Method and process are important in project management, but knowing how to use them is even more so. Most project managers can increase their effectiveness most by developing their soft skills, recognising that finesse can be more effective than brute force. Once developed, they will find that their skills are much more transferable across not only project types, but whole industry sectors. This book showing the application of tools like NLP to develop competences will help you on that journey and will certainly whet your appetite for more. Peter’s lively style is compelling and benefits from his imaginative use of appropriate quotations and personal anecdotes. For me this book throws light on a major component of our journey towards greater professionalism in project management.
We can now buy almost any car and expect it to work perfectly from the start – very different from a few decades ago. So why not aspire for a world in which every project succeeds? That involves organisational change and improved processes and systems, but primarily it is about people – their attitudes, behaviours and relationships. Project management professionals are already driving this cultural shift. This book, by an eminent practitioner of both Neuro-Linguistic Programming and Project Management, makes a valuable contribution by marrying the two fields to reinforce our understanding of how people can maximise their effectiveness in managing and responding to change. It provides interesting and useful insights for those at all stages in their career development. I am pleased to recommend it.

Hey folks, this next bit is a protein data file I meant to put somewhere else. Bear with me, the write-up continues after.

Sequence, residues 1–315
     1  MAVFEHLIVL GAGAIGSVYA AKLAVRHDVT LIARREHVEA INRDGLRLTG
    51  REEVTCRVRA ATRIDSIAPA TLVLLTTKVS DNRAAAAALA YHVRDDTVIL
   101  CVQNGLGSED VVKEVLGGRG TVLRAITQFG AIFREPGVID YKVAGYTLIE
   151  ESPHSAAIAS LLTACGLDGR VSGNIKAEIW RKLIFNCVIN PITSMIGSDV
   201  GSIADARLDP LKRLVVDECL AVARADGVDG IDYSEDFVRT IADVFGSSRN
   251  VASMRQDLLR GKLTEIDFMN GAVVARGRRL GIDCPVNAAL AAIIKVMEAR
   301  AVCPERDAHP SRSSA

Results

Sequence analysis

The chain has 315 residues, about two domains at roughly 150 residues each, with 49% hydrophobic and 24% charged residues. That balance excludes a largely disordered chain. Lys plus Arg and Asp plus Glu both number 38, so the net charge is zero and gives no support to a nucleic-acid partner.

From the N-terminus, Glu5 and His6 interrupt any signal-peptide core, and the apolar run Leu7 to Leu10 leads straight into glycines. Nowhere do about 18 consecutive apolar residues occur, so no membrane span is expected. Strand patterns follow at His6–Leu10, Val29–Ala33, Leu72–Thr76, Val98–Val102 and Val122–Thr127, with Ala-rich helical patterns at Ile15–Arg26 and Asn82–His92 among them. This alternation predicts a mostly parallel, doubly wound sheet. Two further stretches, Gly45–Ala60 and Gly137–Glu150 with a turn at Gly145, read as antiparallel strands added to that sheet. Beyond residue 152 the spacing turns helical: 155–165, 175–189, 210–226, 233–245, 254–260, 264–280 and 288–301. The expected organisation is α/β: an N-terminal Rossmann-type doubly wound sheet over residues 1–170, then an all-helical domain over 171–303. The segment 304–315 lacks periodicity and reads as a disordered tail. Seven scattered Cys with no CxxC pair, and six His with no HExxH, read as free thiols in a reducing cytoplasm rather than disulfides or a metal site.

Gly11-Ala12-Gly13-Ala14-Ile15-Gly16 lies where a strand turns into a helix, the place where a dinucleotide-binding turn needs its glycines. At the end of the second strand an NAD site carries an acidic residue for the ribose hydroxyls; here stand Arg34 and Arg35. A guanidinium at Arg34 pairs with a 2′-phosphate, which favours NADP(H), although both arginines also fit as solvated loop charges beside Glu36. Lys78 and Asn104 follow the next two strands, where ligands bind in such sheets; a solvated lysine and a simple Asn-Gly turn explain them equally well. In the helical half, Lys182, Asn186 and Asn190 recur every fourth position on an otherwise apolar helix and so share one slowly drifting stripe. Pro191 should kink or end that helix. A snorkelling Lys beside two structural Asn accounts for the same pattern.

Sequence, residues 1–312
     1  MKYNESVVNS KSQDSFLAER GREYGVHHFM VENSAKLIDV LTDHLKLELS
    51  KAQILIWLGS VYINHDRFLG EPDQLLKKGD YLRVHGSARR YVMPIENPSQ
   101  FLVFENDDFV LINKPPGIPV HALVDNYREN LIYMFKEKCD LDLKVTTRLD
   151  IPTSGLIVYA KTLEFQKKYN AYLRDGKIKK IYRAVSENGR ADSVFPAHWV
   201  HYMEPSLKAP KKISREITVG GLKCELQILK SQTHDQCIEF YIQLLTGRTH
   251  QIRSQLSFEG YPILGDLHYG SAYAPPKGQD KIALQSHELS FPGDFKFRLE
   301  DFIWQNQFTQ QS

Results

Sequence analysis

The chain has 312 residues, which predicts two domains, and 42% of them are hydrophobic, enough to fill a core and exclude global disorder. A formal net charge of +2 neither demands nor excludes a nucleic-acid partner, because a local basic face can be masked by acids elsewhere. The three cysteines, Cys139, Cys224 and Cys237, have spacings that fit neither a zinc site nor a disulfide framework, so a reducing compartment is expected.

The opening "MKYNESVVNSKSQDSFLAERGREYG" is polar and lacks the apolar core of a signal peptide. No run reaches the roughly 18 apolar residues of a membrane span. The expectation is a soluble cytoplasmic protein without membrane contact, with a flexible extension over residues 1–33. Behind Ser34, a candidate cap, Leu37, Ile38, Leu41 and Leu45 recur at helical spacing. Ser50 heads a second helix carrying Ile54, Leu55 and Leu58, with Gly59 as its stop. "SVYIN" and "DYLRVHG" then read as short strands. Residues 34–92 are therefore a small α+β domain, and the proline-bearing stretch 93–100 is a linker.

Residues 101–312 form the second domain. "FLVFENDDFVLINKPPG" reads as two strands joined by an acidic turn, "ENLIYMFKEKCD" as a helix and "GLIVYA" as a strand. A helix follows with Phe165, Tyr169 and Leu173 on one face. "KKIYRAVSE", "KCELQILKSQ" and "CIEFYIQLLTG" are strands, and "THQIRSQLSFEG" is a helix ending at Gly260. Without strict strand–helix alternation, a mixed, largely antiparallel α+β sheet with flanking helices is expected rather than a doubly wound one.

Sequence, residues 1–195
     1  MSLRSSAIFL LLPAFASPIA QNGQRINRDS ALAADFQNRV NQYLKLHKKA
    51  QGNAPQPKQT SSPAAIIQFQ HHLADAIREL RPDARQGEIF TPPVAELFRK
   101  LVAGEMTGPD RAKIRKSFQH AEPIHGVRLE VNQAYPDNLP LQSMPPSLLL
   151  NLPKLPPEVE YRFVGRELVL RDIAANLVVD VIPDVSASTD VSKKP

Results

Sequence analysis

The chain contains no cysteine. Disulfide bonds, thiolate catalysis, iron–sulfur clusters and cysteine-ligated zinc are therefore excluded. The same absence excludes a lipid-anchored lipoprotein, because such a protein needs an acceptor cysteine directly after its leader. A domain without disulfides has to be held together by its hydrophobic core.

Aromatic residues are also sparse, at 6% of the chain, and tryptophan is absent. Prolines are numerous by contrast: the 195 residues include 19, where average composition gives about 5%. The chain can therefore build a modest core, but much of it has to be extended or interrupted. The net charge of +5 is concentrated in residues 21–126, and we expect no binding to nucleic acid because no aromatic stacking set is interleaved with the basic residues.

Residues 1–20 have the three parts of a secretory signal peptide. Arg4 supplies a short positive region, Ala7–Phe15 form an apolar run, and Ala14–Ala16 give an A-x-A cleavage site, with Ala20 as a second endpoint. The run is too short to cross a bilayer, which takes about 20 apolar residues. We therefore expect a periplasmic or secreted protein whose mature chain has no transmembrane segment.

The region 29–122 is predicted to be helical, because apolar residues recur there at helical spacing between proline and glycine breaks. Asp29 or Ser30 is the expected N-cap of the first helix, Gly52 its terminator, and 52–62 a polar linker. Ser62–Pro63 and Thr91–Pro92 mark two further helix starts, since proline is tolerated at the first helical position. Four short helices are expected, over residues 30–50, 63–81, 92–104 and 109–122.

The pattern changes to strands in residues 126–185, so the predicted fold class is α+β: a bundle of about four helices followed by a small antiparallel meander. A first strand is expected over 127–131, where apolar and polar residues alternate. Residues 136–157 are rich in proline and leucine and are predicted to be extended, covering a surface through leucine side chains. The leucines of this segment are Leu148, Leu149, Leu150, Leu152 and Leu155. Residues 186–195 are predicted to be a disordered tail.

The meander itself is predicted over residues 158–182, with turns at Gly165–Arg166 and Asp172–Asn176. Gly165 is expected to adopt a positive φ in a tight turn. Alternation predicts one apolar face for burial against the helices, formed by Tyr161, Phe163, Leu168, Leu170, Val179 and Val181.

Chairman, Association for Project Management Board Member, Major Projects Association Chairman of BSI Standards Policy and Strategy Committee Chairman, The Nichols Group
Peter has done a great job outlining 1) Project Management, 2) NLP, and 3) How NLP can enable a step change improvement when managing projects. However I think the book deserves a wider readership. Much of business today is about managing projects, and with it change. I’d recommend the book to any manager or director involved in change. Which I suspect is most of us.
Projects are delivered by people, success is getting teams of people to work together for a common goal. Project processes, tools and techniques help in delivery, but they are used by people. There are many texts on the process used in project management and they are relatively straightforward to understand and learn, people are more complex. This book on the people side of project management provides structure to help you as a project manager, and the teams around you, deliver successful projects. Peter has made this subject an enjoyable read bought to life with practical illustrations from his own extensive project management career. I have no hesitation in recommending this book to project professionals whether starting out on their career, or those with more experience seeking to constantly improve their performance.
Deputy Chairman, APM